Liverpool May Have Hope for Future, but Not with Kenny Dalglish as Reds Manager
Liverpool's 4-1 demolition of Chelsea on Tuesday painted a picture of hope at Anfield, but just as the Reds' early-season win at Arsenal proved the falsest of dawns, so this was the falsest of sunsets.
Yes, there were standout performances worthy of praise—from the likes of Jordan Henderson, Jonjo Shelvey and Luis Suarez. And yes, Liverpool scored four times at home and won.
But the very fact that there was novelty in what Liverpool achieved against Chelsea says it all.
Carling Cup win aside—and let's be honest, it's a second-tier competition that nobody takes seriously until they get to the final—this has been a season from which everybody concerned with Liverpool Football Club will want to move on.
New players have flopped, old ones underwhelmed, and one in particular dragged the club with him through the filthiest of mud. Meanwhile, Liverpool's beloved king, Kenny Dalglish, has proven himself ill-equipped for the task at hand.
Dalglish spoiled The Kop to plentiful riches as a player, and then as player-manager. But he hasn't given them much to cheer about since his much-heralded return as Roy Hodgson's successor in 2011.
Dalglish is an institution at Anfield. But while he's clearly a man the fans and players have deep respect for, and he obviously has a long-standing emotional connection to the club, is that really enough to justify keeping him in the manager's chair?
When you consider his costly failures in the transfer market (Henderson, Stewart Downing, Andy Carroll and Charlie Adam, to name but a few) and also that his Liverpool vision is no closer to attaining an identity than when he took over, I'd argue not.
This is a results business after all. Dalglish hasn't delivered—especially at Anfield.
Liverpool's 24 league goals at home match their record low for the 1903-04 season. They've won just six of 19 games at Anfield, drawing nine and losing four—to Arsenal, Wigan, West Brom and Fulham.
Dalglish's team has taken 27 points from 54 available at Anfield in the Premier League this season. When you consider Manchester City have 52 from 54 at the Etihad, and Manchester United 47 from 54 at Old Trafford, it's little wonder Liverpool are 34 points adrift of the title race.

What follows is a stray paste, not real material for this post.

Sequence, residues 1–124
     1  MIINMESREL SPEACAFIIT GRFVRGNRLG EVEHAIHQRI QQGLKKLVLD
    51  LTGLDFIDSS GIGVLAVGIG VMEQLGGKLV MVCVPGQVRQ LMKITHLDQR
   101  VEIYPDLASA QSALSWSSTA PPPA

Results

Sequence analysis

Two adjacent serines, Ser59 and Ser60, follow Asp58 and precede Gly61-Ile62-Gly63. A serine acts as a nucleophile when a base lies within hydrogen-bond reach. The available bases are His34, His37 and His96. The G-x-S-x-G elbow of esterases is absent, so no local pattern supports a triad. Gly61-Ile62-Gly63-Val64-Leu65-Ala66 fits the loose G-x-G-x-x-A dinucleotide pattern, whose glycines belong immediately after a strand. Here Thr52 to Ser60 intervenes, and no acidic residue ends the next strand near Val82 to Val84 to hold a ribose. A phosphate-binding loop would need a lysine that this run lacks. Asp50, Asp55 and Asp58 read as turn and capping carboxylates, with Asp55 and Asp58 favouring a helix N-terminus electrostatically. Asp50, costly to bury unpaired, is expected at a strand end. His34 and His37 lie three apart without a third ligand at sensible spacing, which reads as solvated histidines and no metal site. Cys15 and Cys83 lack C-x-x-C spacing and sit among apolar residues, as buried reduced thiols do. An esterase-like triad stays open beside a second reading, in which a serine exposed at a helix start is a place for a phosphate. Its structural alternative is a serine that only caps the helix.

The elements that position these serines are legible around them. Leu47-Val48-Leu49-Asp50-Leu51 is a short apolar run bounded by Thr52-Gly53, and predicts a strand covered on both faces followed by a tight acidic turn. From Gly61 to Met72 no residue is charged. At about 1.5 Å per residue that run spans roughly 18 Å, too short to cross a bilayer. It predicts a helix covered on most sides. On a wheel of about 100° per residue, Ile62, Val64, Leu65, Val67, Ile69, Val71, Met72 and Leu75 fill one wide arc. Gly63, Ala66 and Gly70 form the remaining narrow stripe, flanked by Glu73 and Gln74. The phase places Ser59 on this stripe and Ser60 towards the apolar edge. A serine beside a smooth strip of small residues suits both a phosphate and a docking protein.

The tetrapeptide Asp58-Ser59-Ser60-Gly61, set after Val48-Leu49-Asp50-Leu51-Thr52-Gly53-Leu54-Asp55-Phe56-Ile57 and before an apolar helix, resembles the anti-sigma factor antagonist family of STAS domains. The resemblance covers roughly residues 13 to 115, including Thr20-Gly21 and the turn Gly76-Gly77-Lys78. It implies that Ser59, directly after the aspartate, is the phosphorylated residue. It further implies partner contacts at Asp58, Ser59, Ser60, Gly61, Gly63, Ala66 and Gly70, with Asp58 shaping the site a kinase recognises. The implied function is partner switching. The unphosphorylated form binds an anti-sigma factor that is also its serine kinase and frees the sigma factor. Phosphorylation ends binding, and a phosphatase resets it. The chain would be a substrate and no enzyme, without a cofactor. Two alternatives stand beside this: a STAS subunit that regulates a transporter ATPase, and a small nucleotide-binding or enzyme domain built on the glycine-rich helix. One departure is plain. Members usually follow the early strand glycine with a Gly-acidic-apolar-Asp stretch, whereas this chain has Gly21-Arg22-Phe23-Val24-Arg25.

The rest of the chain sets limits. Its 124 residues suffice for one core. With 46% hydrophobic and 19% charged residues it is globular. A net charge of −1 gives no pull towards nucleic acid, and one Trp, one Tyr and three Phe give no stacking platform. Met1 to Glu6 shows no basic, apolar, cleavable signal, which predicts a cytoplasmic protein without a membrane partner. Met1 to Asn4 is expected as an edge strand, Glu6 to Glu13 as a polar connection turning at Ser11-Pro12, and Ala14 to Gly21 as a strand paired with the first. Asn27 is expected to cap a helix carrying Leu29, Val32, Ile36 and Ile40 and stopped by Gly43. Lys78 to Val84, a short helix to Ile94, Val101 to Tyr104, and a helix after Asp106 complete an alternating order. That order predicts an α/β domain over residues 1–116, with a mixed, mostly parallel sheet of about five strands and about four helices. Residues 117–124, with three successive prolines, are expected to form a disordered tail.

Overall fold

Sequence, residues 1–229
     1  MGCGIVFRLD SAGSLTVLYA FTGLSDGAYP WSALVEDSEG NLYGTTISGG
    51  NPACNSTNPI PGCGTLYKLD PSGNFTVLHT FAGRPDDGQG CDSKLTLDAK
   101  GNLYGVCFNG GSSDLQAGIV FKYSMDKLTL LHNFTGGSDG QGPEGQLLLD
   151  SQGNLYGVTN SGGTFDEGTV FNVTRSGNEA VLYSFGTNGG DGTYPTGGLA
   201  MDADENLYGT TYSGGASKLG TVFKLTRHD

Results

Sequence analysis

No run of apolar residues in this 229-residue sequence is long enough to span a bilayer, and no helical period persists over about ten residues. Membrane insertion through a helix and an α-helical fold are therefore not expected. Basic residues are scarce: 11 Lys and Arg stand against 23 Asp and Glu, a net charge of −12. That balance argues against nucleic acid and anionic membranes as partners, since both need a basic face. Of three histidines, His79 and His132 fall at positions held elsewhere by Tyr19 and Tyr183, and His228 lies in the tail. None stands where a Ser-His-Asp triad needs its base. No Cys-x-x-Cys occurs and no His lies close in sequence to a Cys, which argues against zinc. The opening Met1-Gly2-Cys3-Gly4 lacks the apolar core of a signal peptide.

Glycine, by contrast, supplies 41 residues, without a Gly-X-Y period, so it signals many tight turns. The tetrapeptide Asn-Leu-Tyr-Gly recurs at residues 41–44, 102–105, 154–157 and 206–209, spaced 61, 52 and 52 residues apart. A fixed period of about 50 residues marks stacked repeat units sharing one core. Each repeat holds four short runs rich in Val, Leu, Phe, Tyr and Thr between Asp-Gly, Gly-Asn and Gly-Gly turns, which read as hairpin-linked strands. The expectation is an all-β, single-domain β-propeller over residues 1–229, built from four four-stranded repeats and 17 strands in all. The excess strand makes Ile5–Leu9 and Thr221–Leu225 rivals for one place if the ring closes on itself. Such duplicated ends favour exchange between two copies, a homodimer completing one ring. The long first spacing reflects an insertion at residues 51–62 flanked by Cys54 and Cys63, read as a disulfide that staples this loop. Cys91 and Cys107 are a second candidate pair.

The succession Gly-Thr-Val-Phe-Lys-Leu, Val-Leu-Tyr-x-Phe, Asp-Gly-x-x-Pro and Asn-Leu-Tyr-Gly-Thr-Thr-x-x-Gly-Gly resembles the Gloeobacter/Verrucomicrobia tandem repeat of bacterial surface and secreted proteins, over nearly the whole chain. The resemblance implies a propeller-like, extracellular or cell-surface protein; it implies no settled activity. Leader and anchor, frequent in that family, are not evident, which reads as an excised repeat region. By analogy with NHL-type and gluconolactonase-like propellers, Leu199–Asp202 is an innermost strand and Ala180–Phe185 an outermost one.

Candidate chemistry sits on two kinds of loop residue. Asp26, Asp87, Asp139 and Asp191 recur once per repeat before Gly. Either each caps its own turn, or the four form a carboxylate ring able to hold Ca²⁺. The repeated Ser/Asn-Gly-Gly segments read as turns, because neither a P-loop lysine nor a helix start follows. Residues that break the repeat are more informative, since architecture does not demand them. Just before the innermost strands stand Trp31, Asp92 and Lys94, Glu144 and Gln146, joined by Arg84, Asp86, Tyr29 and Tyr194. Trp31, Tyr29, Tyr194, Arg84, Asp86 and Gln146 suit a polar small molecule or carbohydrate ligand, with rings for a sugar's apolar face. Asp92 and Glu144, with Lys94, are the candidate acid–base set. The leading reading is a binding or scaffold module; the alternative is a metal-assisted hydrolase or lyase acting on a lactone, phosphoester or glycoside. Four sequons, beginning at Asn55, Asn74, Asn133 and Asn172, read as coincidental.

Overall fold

The best finish Liverpool can hope for is seventh, but they will likely have to settle for eighth—looking up at their spendthrift Merseyside neighbors Everton and wondering where all the money went.
Call that a failure? Dalglish won't have it. Here's what he told BBC Sport after the Chelsea win:
We've got a bit of silverware back in the cupboard after six years; we're back in Europe at the first time of asking.
We were near to winning the FA Cup Final. Not a bad first season.
Many would disagree. The big question is whether John W. Henry, Liverpool's owner and a man who has put up £131 million for new signings (readers have rightly pointed out much of this came from transfer income) since his Fenway Sports Group (FSG) took over at Anfield in 2010, is among them.
It would take a bold man to dethrone Dalglish, but Henry didn't amass his vast fortune by ducking big decisions.
All we know now is the two parties—FSG and Dalglish—will discuss the future at the end of the season. Whether Liverpool's FA Cup final loss to Chelsea will prove the defining failure of King Kenny's reign remains to be seen.
Liverpool fans will be torn.
Some feel Dalglish deserves time and that nothing good can come of shaking things up again. Others feel their football club is slipping further and further away from where it once was. They feel that something must be done quickly.
Should Liverpool Sack Dalglish?
Much as I respect Dalglish's achievements at Liverpool, I'm with the latter.
And it will take more than his team hammering a woeful Chelsea, bereft of many of their first-choice players, to convince me otherwise.
Those who see the future emerging from Liverpool's 4-1 win are missing the point. Dalglish's team was superb, but what the Reds produced was a rare exception that demonstrated just how spectacularly they've underachieved this season.
If it's a manager's job to get his best out of a team as often as possible, then Dalglish has to go for hope to be reborn at Anfield.
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